Yet another debate about the validity of aerosol culture. In this case, a property owner commissioned a mural on her property with a positive message, “Community.” In an effort to adhere more to bureaucracy than community values and basic common sense, the city of Duncan is debating whether or not the owner should be fined and the mural should be destroyed because she did not get a permit.
Permit processes are one of several bureaucratic attempts to silence creativity. By requiring a permit, a city can censure artwork by committee and paperwork. Group decisions around murals often lead to the sanitization of powerful messages and even permit filing can prove to be a significant hindrance to the mural process. CRP’s mural registry policy initiative advocates for Mural Protection as opposed to restrictions to creating new works. At most, the artist could be asked to get permission from the property owner, if they are available. Permission from absentee owners that do not maintain their property to city blight standards should not be a requirement.
There is also an inherent attack on aerosol culture in this policy. By making the debate whether or not this piece is “art or graffiti” inherently invokes a prejudice towards works that are incorrectly labeled with the “g-word.” Would this debate even be happening if the mural was created with brush? Would we be threatening to destroy a mosaic in the same way?
The most obvious point here is that this mural is a deterrent to vandalism. Does the city really want another blank wall that can be a target for less evolved writing?
Duncan city council will have to decide if it’s art or graffiti.
The object of debate is the word ‘community’ painted in bright purple, pink and baby blue letters on the wall between the Garage and the Phoenix Pub on Duncan St.
It was painted without a development permit.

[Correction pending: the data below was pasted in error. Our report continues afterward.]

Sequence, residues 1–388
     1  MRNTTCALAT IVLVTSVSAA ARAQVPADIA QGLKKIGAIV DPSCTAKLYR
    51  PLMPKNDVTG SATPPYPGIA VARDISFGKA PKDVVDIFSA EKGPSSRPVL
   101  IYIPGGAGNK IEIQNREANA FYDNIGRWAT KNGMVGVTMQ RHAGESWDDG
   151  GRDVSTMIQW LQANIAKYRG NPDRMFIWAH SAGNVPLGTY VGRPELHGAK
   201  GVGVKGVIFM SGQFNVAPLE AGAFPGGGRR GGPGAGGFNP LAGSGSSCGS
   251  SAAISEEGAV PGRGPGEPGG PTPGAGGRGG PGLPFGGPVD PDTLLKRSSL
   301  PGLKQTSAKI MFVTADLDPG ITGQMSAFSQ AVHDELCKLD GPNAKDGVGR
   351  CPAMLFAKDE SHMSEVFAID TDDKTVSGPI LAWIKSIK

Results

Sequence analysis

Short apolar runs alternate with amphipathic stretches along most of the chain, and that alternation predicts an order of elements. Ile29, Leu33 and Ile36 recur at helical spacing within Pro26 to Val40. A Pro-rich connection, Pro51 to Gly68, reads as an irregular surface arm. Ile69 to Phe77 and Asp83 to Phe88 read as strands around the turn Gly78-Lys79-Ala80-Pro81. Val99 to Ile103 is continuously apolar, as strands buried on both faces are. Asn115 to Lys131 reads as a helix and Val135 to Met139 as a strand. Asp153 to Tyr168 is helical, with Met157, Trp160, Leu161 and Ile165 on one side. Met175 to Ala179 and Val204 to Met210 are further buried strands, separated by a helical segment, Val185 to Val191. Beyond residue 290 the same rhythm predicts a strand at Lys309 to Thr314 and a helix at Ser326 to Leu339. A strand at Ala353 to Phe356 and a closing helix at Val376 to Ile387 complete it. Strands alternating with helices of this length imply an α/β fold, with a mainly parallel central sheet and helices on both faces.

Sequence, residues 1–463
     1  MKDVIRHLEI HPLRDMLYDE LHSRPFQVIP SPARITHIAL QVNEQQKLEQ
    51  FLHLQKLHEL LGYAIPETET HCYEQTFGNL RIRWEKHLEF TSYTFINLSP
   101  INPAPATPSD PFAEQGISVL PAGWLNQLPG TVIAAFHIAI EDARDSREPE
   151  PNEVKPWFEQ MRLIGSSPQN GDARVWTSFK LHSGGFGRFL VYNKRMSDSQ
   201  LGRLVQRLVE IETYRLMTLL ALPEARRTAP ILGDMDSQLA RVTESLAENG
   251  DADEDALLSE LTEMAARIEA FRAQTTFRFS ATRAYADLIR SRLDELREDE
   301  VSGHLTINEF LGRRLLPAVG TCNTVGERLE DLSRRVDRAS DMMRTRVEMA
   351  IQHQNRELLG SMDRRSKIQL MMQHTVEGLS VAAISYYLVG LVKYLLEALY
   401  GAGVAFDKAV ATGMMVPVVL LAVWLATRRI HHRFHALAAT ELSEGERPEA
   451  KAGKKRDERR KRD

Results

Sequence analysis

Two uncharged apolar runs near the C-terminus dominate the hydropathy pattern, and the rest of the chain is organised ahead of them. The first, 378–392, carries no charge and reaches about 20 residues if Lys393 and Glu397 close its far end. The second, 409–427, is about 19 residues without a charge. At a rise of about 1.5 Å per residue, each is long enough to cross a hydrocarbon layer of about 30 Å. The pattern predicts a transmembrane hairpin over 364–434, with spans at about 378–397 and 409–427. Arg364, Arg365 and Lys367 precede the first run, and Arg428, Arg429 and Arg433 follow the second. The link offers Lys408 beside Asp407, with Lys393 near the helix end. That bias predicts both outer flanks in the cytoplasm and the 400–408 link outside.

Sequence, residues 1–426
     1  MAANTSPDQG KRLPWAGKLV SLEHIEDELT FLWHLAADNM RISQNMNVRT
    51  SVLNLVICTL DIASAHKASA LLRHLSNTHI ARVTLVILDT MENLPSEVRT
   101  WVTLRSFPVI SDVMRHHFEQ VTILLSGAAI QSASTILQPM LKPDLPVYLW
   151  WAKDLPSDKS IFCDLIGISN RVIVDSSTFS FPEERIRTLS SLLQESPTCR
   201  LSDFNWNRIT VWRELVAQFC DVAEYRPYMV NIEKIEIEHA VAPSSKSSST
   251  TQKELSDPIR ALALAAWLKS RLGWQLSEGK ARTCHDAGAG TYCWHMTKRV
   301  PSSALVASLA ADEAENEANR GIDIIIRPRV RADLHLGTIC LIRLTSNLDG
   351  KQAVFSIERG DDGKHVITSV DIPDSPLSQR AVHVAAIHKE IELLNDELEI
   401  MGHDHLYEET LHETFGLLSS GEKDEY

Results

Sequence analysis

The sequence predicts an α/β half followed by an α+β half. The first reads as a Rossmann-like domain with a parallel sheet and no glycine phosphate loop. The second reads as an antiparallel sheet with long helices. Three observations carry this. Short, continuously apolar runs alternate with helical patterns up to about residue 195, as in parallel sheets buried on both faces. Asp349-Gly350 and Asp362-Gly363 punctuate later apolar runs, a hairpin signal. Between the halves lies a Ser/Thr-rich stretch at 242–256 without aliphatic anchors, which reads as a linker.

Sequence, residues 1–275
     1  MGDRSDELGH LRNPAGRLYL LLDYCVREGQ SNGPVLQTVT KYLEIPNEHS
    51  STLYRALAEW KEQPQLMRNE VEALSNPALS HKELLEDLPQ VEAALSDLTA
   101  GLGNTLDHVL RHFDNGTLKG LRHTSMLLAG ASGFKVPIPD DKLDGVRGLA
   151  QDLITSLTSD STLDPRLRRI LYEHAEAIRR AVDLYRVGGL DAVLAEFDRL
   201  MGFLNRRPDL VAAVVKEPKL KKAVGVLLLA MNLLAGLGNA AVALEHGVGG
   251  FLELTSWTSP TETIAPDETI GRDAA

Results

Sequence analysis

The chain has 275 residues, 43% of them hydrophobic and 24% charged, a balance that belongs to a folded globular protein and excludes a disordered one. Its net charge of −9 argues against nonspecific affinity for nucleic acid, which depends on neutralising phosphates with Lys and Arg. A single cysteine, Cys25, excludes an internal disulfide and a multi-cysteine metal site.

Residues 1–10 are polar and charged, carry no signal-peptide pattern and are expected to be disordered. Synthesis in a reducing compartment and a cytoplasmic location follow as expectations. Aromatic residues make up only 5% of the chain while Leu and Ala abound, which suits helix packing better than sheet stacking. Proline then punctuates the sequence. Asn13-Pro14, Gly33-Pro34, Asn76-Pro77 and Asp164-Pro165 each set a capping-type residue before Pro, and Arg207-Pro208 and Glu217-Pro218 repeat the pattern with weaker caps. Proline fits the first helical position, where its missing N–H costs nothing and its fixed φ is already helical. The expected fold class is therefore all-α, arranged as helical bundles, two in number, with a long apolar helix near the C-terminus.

City Councillor Sharon Jackson explained that it could be against the city’s “unsightly premises” by-law.
“This definitely falls into the description of graffiti if you look at the unsightly premises by-law. So we may very well love the mural, but we’re constrained about what our abilities are until we actually change something, we’ve got to work with what we’ve got.”
It’s not something Nicolette Genier was willing to wait for.
The owner/operator of the Farm Community Store in the Garage said it would have taken too long to get permission to paint the mural, if she had received it at all.
“It was more of a benefit to the community for me to push the envelope on that one than to ask for permission.”
Freedom of expression and a place where young people are comfortable going are two such benefits Genier said are derived from the mural.
Jackson pointed out that council’s decision on whether it’s graffiti or indeed a mural could determine the future of art in the city.
“The other thing we have to do is figure what kind of precedent are we setting? If we say ‘yes’ to this, that means there could be a mural like that on Station St., on Jubilee St. or Kenneth St.”
City council could decide the mural/graffiti should be painted over and that Genier will be fined $100 for failing to get the proper permit.